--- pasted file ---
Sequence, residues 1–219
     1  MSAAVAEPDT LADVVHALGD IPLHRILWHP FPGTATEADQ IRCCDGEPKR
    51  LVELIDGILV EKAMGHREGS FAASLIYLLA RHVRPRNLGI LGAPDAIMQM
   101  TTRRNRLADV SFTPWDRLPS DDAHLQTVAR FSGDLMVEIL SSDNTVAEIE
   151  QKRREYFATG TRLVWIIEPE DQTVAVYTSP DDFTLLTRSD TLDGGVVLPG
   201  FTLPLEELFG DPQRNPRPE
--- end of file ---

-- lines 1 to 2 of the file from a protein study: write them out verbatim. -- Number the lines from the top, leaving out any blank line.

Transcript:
Sequence, residues 1–219
     1  MSAAVAEPDT LADVVHALGD IPLHRILWHP FPGTATEADQ IRCCDGEPKR